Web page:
Receive daily articles & headlines each day in your inbox with your free ERE Daily Subscription.

Not logged in. [log in or register]

Here’s How to Tell That Your Talent Is About to Quit

by Feb 24, 2014, 6:00 am ET

Quit Job keyboardEmployees who are serious about changing jobs give off cues that, if you know what to look for, can give you time to act before it’s too late.

These are not the kinds of tell-tale signals every manager recognizes.

“You might think that someone who starts showing up to work late, failing to return phone calls and emails, and taking lots of sick days might be about to leave, but those weren’t unique behaviors that applied only to the quitters,” says Tim Gardner, a Utah State University associate professor at the Jon M. Huntsman School of Business. Unlike a worker who starts taking days off in the middle of the week, or who prowls job boards, or inadvertently leaves a resume in the copier, the signs of a serious job seeker are more subtle.

He and his research partners, Huntsman professor Steve Hanks and Chad H. Van Iddekinge, of Florida State University, set out to identify the clues that soon-to-depart workers give weeks or months in advance of actually resigning.

Starting from a list of almost 1,000 cues compiled by surveying employers, the team eventually came up with 18 “disengagement” behaviors that start showing up a month or two before the employee gives notice.

The research will be published in the near future, so the full list and the details are being kept under wraps, but Gardner shared some of the general indicators, a few of which are the kinds of things managers and HR know all too well.

Paul McDonald, senior executive director of global staffing firm Robert Half International, says, ”Employers tell us they often see five signs that someone is getting ready to quit.” These are: 1) An increase in absences; 2) Lack of enthusiasm for the work; 3) An increase in errors; 4) Reduced interaction with the boss; 5) and, More formal attire at work.

Only two of these made Gardner’s list. “People having a lot of ‘doctor’s appointments,’ showing up to work in a suit, or leaving a resume on the printer were the kind of signs that dropped off the list,” he said, offering this sampler of the “early indicators” of a worker preparing to quit:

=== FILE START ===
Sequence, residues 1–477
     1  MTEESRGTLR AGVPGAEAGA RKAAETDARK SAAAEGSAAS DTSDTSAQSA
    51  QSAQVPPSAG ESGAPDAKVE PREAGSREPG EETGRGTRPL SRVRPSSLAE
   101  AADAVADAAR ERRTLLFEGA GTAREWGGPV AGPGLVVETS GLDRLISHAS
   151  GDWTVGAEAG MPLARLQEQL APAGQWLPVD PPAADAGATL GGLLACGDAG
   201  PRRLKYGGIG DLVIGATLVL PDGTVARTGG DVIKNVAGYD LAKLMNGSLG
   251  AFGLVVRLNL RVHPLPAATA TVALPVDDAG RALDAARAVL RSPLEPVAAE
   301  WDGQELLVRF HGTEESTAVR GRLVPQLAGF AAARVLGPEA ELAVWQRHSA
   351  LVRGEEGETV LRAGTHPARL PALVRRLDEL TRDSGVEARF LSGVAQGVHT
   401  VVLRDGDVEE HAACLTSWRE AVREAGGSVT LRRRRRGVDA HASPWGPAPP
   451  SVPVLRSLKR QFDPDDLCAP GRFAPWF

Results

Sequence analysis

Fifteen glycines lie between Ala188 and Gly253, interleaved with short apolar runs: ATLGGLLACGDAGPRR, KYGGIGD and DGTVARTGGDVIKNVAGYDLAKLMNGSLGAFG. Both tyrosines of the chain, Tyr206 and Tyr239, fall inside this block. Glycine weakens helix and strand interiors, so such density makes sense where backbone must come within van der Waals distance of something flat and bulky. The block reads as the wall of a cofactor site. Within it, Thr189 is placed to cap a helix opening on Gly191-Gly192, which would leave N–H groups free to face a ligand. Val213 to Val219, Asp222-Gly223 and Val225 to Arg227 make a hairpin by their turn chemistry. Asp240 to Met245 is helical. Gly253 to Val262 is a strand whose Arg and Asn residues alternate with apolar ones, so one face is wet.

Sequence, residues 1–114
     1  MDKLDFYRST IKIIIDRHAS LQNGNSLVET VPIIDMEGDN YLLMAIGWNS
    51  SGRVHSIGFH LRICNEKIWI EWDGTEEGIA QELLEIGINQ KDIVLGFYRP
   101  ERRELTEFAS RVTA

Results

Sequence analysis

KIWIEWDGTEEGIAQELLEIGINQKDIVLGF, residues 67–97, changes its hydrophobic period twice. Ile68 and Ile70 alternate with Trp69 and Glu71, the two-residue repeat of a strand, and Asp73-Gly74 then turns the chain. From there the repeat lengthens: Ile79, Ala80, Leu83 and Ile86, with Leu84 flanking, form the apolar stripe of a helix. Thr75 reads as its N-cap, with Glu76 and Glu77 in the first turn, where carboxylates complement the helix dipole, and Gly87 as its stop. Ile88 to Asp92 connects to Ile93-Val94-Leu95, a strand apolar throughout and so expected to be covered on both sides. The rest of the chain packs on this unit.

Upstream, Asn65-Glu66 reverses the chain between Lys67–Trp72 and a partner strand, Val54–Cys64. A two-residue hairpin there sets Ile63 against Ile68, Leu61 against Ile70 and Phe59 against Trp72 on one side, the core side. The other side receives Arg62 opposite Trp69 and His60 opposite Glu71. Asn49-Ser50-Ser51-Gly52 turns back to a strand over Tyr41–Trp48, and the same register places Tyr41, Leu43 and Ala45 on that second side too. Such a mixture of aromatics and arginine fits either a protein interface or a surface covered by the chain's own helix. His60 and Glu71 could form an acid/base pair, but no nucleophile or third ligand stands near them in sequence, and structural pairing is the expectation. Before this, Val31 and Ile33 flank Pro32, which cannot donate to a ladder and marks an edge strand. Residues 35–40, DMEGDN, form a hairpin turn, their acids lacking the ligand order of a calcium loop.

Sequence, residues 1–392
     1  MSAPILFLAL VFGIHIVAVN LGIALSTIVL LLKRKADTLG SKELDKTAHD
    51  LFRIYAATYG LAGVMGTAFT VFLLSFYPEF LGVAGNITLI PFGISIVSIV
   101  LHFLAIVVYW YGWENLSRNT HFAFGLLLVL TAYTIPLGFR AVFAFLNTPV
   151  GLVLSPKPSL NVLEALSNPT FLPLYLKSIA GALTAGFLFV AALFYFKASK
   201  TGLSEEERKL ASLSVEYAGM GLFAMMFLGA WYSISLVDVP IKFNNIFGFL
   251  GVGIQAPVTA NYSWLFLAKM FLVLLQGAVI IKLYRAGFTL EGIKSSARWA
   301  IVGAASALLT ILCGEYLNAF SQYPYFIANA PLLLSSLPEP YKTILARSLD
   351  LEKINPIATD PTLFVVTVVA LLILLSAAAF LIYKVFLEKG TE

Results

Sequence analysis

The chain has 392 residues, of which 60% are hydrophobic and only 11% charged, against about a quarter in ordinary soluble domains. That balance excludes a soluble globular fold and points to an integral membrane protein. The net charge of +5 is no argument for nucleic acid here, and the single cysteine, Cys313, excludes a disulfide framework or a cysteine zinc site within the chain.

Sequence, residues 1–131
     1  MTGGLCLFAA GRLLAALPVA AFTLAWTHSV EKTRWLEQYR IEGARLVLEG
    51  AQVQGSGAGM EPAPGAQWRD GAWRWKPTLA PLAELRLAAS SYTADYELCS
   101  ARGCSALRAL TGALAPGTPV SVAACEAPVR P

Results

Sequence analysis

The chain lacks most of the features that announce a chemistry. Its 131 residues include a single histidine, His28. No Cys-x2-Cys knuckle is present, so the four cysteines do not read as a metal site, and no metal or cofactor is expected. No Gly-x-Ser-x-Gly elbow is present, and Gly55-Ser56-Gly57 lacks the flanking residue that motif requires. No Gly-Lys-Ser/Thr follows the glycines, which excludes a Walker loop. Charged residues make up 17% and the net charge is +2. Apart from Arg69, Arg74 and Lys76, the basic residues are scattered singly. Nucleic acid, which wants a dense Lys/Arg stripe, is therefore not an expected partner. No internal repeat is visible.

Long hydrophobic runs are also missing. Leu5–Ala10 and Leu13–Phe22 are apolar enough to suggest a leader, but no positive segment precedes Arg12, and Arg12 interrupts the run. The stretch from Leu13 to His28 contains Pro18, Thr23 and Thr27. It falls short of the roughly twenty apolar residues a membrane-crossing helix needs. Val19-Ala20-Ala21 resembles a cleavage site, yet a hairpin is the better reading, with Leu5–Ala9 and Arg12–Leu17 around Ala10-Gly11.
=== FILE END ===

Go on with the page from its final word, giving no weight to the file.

• They offered fewer constructive contributions in meetings.
  • They were more reluctant to commit to long-term projects.
  • They become more reserved and quiet.
  • They became less interested in advancing in the organization.
  • They were less interested in pleasing their boss than before.
  • They avoided social interactions with their boss and other members of management.
  • They suggested fewer new ideas or innovative approaches.
  • They began doing the minimum amount of work needed and no longer went beyond the call of duty.
  • They were less interested in participating in training and development programs.
  • Their work productivity went down.

Gardner said if employees were demonstrating at least six of these behaviors, his statistical formula could predict with 80 percent accuracy that they were about to leave the organization.

“It appears that a person’s attitude can create behaviors that are hard to disguise,” explains Gardner. “As the grass starts to look greener on the other side of the fence to you, chances are that others will soon notice that you’ve lost your focus.”

This article is provided for informational purposes only and is not intended to offer specific legal advice. You should consult your legal counsel regarding any threatened or pending litigation.

  • Darryl Clements

    Nothing should be surprising here. Consider something I used to hear from departing employees even when nothing was surprising and these symptoms didn’t appear – it’s not that the grass is greener, it’s that people don’t stick around for the same “headaches.”

    Some times people would rather have an Excedrin headache if all they’ve ever known is a Tylenol headache. They full well understand that both are headaches but just may be ready for something different.

    Also look at the items being identified and consider that many of them are expectations of high-performing, tone-setting employees. These are exactly the types who don’t want or need to be annoyed by little things.